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The Food Dude — LGBTQ the holiday cheer

Rainbow Snowballs
Rainbow Snowballs - Terry Bursey

“Rural Newfoundland can be a hard place to be born gay, especially on Christmas,” Josh professed as we stood around the snowy campfire pit some years ago.

My good friend had just flown home from Ontario for the holidays to see his family and have some fun with his friends in St. John’s.

“I mostly came back here to see you guys and for Mom’s sake,” he finished.

I felt his pain. As an open atheist I had to deal with a similar stigma. Like me, Josh had found refuge and social comfort among modern-minded friends in Town and again in Ontario, but had been treated like a pariah in the area he was raised in. When his family got together for Christmas there was always conflict over his sexuality that ruined the family event for everyone.

“I suppose really, I shouldn’t complain. Gay Newfoundlanders had it a lot worse in the old days,” he said with a small smile.

I thought of my late Great Uncle Caleb and all the stories about how he was literally and figuratively tortured into moving to St. John’s for even the mere rumour of his orientation, which was one of the rare correct rumours around my neck of the woods

“Well, you’re among friends now!” I proclaimed as I reached out to clink beer bottles with him.

He returned the gesture but was still noticeably saddened about home. That night I couldn’t sleep. I wanted to make Josh feel better about being in Newfoundland and get him into the holiday spirit but frustratingly didn’t know how to.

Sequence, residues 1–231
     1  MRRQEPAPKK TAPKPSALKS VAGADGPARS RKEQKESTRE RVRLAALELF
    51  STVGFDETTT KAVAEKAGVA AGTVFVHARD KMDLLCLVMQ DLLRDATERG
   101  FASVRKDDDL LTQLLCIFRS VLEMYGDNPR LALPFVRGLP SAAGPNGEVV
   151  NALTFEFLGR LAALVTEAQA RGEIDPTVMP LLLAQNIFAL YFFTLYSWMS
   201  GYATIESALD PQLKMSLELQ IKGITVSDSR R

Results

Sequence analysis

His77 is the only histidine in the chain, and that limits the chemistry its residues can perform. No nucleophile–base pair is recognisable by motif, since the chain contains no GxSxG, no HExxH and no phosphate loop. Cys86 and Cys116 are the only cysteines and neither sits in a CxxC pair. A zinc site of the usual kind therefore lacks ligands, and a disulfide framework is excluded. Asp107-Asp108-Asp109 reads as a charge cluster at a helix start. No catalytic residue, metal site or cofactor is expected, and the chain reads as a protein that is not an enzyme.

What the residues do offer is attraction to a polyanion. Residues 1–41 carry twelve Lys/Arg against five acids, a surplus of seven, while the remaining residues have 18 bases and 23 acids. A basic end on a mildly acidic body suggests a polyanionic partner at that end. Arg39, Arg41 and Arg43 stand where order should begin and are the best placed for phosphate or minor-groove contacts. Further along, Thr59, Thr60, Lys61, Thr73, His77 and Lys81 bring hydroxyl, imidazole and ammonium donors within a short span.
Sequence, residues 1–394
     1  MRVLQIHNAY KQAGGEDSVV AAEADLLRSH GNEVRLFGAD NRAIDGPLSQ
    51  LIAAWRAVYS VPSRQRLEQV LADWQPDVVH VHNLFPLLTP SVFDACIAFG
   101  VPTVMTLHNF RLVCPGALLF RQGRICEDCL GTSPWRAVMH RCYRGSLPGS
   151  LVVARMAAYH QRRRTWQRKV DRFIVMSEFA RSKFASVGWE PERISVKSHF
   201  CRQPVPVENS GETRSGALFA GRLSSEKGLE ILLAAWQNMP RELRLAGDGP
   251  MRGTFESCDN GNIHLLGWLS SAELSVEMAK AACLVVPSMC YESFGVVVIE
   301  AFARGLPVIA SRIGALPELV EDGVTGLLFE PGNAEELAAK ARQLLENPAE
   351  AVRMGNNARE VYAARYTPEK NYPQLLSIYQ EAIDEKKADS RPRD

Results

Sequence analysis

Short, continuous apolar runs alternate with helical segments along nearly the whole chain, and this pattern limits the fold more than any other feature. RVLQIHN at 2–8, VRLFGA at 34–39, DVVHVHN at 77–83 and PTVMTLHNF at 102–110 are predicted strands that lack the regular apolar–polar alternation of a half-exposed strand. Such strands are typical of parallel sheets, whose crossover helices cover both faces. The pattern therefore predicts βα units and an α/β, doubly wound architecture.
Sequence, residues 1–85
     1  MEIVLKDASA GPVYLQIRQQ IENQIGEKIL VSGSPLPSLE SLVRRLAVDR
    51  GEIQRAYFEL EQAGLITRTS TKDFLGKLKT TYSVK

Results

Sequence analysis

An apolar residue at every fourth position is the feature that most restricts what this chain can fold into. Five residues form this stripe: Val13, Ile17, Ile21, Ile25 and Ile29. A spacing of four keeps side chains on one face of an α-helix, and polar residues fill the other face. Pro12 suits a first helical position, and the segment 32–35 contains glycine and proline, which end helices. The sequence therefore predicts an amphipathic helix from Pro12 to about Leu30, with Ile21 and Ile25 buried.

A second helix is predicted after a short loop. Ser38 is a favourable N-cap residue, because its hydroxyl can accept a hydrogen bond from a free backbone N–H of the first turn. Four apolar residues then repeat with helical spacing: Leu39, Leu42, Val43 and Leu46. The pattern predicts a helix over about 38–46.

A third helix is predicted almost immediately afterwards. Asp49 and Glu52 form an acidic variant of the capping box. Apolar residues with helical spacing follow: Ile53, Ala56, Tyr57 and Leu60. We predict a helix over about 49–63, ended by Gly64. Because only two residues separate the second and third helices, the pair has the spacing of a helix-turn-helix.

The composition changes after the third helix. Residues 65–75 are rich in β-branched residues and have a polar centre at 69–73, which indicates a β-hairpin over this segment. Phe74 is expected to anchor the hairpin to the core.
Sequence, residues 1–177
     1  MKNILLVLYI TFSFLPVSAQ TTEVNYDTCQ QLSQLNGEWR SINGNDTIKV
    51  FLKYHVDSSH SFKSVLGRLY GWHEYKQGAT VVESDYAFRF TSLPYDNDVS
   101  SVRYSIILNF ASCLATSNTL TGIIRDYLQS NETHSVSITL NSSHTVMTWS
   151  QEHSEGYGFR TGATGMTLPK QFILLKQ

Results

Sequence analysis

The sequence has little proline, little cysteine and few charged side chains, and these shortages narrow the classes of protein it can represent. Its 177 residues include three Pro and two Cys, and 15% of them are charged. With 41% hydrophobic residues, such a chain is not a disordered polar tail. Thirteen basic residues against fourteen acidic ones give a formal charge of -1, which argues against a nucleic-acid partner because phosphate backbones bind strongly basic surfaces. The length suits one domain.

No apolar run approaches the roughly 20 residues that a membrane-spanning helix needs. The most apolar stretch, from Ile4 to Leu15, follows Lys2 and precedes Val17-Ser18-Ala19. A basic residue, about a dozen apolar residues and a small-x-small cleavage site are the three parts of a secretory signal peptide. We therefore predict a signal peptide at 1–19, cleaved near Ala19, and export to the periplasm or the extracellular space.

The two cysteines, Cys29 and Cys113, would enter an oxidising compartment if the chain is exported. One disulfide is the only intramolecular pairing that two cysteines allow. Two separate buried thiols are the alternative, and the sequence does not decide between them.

A stomach growl made me think about food and an idea sprang to mind. I grinned and went downstairs to make:

Rainbow Snowballs

5 cups rolled oats

1 box chocolate cake mix

1 cup butter

4 cups coconut

2 cups milk

2 cups sugar

1 ½ cups rainbow sprinkles

Directions

In a large saucepan on medium high heat, combine butter, milk and sugar. Stir until all is dissolved but do not let the mixture come to a boil. In a large bowl combine coconut, oats and cake mix. Add the liquid and mix all until smooth. Chill overnight to firm the mixture. Roll into golf ball sized balls and place on parchment paper. Roll each ball in rainbow sprinkles until well coated and freeze.

That night I used the mixture that I had stored away in the fridge for traditional Newfoundland snowballs instead for a creation that I thought might make Josh feel a bit better about being home for the holidays.

These being the days before public solidarity monuments like our rainbow crosswalks meant that I was a bit nervous the next morning when I unveiled the Rainbow Snowballs to Josh. There was always the chance he could take it the wrong way and be offended, or at the very least annoyed. He was moved to tears though and in the end I was the one annoyed by the dramatic display made by the normally stoic Josh. 

These are the days of rainbow crosswalks now though, and gladly these stigmas here in our province are becoming much less common. Many of my friends and family can now walk our streets with their heads up high without fear of being targets of hate. If you want to show your solidarity to our LGBTQ2 friends (or just want to shake up tradition a bit with a holiday treat) I firmly recommend this cookie at your own holiday table.

Heathens Greetings!

https://www.thepacket.ca/living/food-dude-livin-in-cinnamon-265577/


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